One of James’ teammates on the Lakers, Kyle Kuzma, recently signed an endorsement deal with Puma that will pay him nearly $3 million annually. College athletes may not receive as big of a payout as Kuzma or other professional athletes, but expect them to make thousands and maybe even hundreds of thousands through endorsement deals.

The NCAA has called the new legislation “unconstitutional.” They feel that while the system does need change, it should happen on a national level instead of state by state. 

“As more states consider their own specific legislation related to this topic, it is clear that a patchwork of different laws from different states will make unattainable the goal of providing a fair and level playing field for 1,100 campuses and nearly half a million student-athletes nationwide,” an NCAA statement said on their official website on Sept. 30.

Newsom said collegiate athletes deserve to be treated the same as other students when it comes to money-making opportunities, saying many students can market their name and image through different platforms like YouTube, but athletes are not given that same opportunity.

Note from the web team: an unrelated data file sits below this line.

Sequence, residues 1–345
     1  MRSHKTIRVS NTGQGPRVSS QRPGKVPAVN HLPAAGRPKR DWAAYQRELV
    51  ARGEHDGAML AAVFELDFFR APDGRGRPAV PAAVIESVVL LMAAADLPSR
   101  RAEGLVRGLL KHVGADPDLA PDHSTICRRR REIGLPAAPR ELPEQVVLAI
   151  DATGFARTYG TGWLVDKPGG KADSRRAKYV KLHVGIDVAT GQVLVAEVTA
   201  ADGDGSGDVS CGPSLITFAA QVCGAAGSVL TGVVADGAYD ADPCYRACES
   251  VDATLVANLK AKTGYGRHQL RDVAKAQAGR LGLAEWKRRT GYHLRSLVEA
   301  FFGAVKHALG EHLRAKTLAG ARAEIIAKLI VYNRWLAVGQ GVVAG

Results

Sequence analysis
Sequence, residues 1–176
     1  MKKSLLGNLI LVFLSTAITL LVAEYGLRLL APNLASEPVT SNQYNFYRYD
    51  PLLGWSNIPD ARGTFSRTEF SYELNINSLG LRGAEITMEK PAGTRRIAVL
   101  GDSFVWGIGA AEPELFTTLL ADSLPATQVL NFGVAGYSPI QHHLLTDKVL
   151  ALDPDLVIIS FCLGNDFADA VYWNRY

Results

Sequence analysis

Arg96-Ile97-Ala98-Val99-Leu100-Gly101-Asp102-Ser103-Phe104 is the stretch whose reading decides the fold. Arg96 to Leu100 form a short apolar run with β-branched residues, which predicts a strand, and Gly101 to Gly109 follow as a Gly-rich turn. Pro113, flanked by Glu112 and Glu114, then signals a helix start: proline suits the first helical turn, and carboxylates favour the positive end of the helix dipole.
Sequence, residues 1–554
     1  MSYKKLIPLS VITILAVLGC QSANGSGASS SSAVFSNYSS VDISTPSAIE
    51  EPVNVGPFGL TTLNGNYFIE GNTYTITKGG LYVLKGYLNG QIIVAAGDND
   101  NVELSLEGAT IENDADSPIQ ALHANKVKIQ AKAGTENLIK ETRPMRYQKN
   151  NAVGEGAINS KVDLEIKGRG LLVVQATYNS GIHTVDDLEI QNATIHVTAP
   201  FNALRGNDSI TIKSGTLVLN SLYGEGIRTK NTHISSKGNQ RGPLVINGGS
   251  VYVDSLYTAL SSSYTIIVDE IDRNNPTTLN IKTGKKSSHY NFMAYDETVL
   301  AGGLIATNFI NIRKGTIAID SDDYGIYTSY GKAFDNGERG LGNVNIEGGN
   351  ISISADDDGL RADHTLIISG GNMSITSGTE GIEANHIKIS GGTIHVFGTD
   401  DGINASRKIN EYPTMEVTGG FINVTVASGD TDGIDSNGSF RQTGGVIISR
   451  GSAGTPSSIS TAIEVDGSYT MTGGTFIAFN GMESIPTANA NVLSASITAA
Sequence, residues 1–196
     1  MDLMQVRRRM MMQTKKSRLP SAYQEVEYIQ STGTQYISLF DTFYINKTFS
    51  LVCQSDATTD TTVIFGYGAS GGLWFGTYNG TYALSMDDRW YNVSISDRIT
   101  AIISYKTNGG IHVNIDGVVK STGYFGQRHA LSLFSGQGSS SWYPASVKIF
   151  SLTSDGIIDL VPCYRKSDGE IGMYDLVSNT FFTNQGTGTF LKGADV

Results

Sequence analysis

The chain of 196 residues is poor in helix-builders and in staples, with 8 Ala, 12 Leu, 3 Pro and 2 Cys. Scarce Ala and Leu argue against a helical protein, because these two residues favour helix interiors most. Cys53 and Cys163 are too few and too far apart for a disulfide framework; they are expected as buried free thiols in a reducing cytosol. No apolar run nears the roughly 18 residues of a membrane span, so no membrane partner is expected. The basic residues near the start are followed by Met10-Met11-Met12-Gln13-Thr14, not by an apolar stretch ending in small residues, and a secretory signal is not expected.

While California was the first state to propose such a bill, others are quickly joining. On the same day that Newsom signed the Fair Pay to Play Act, Florida state representative Kionne McGhee also proposed a bill aimed at allowing college athletes to be compensated for the use of their names, images, and likenesses. This legislation would go into effect July 1, 2020, two and a half years before the Fair Pay to Play Act.

U.S. Representative Anthony Gonzalez, a Republican from Ohio, has taken it one step further and is planning to propose a new national law to give athletes the opportunity to make endorsement money. He believes the federal government needs to act quickly to avoid potential problems.